Investigators with the U.S. Environmental Protection Agency and Michigan officials are looking into a spill at the former Fini Finish Metal Finishing plant in Warren.

a water line in the former Fini Finish Metal Finishing EPA officials said on February 7, a water line in the former Fini Finish Metal Finishing electroplating shop broke, causing about 580,000 gallons of water to flood the shop located at Mound Rd. in Warren.

“As a result, potential electroplating chemicals may have entered into storm sewers that flow into Bear Creek,” the U.S. EPA says.

On February 8, the Michigan Department of Environment, Great Lakes and Energy (EGLE) requested EPA support. EPA says it arrived on-scene that afternoon and began collecting samples of the plating chemicals at the shop and samples of surface water and sediment in the creek to determine if the material contains hazardous substances.

“Cleanup efforts are currently underway to jet the storm sewers using vacuum trucks,” the U.S. EPA says.

It is unclear when the shop closed, but records show it is owned by Ronald Borawski and Frank Borawski, who also owned Arted Chrome Plating on Piquette Avenue in Detroit. That shop is also apparently closed, and in 2017, the Michigan Department of Environmental Quality began enforcement actions against the company for violations of chrome emission standards. Arted Chrome Plating is now listed as a Superfund Site on the U.S. EPA site.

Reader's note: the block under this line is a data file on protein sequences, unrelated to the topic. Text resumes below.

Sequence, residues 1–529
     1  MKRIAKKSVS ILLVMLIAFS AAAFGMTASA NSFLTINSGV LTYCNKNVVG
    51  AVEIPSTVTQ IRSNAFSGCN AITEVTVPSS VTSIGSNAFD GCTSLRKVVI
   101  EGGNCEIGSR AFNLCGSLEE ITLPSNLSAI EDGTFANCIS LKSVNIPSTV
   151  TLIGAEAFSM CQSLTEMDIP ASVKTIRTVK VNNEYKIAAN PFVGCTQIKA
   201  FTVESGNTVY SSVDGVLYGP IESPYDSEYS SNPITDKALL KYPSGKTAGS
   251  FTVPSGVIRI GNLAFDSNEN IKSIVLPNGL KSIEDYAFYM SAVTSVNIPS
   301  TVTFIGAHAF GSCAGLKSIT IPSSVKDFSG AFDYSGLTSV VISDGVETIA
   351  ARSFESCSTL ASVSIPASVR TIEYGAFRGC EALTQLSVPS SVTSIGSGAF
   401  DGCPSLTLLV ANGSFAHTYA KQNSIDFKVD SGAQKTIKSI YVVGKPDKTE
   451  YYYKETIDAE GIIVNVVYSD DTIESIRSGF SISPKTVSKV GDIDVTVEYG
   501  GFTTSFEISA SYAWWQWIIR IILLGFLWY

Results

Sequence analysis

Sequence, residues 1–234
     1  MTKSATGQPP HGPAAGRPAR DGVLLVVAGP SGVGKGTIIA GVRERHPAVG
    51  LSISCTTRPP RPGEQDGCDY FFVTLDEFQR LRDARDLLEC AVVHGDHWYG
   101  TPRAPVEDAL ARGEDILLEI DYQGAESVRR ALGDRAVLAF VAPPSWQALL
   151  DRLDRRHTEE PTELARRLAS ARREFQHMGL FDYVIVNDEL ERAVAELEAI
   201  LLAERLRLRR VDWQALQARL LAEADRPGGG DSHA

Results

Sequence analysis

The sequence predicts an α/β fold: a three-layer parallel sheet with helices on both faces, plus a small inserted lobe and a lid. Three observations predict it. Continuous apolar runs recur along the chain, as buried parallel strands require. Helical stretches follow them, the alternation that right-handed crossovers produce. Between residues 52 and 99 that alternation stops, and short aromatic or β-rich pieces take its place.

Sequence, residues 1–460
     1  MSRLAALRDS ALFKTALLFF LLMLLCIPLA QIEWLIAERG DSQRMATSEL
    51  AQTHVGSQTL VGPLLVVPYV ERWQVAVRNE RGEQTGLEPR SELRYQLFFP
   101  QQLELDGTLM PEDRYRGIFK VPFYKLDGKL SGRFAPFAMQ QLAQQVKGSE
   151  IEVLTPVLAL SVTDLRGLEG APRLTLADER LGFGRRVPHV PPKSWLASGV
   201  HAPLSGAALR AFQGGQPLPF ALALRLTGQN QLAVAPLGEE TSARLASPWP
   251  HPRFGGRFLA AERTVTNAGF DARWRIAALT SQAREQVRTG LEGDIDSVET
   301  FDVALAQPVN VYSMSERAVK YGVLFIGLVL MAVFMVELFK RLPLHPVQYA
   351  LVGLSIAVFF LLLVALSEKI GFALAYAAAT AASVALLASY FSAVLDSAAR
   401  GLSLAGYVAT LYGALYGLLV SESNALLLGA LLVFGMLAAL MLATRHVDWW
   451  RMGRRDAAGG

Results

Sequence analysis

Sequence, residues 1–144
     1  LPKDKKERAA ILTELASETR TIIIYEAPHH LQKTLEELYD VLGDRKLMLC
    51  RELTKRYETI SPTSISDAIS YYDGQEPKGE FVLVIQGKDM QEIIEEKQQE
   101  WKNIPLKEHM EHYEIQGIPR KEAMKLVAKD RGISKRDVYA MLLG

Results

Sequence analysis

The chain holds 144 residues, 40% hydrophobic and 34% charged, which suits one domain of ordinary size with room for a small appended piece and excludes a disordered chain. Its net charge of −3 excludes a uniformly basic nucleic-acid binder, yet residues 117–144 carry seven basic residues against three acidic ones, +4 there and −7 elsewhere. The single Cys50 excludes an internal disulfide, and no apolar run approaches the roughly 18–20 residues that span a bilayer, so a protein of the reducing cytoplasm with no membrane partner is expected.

According to a former website of Fini Finish Metal Finishing, the company began in 1946 and offered “custom plating and restoration.” It also says, “Fini Finish Products announces the expansion of services for the Rapid Prototype Industry.”

From the EPA: Morning Site Update Feb. 9 

Overnight, work continued to clean 800 feet of the impacted storm sewer along Mound Road. This morning, the storm sewer will be plugged on Mound Road while the cleanup moves to the storm sewer area adjacent to the plating shop to ensure no debris from the plating shop enters the cleaned sewer. The company's contractor installed equipment, also known as pom-poms, into the creek to help knock down agitated sediment in Bear Creek. The company will also begin foam recovery in the creek.

Yesterday, EPA collected samples from inside the facility, storm sewer, and surface water and sediment from Bear Creek. The agency anticipate results later this afternoon that will be posted to the website.   

Yesterday, EPA conducted air monitoring inside the facility. Results showed no exceedances.  EPA continues to coordinate with EGLE, Macomb County and the city of Warren. EPA is working with the potentially responsible party that has been responsive and cooperative.